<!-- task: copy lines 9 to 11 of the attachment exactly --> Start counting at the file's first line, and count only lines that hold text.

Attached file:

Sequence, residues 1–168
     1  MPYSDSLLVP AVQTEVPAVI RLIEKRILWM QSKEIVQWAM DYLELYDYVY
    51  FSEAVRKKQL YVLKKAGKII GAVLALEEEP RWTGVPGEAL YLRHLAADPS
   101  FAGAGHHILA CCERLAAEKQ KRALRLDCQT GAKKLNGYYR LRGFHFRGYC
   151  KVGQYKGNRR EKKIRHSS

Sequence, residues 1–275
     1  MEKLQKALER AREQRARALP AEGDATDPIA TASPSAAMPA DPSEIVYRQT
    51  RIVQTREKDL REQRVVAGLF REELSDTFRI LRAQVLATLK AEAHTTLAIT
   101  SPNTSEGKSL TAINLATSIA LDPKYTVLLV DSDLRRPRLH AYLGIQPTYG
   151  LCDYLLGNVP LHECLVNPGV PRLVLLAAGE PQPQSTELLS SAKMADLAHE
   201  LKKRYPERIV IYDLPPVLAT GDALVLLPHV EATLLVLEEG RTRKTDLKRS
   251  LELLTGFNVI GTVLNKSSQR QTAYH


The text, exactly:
   101  SPNTSEGKSL TAINLATSIA LDPKYTVLLV DSDLRRPRLH AYLGIQPTYG
   151  LCDYLLGNVP LHECLVNPGV PRLVLLAAGE PQPQSTELLS SAKMADLAHE
   201  LKKRYPERIV IYDLPPVLAT GDALVLLPHV EATLLVLEEG RTRKTDLKRS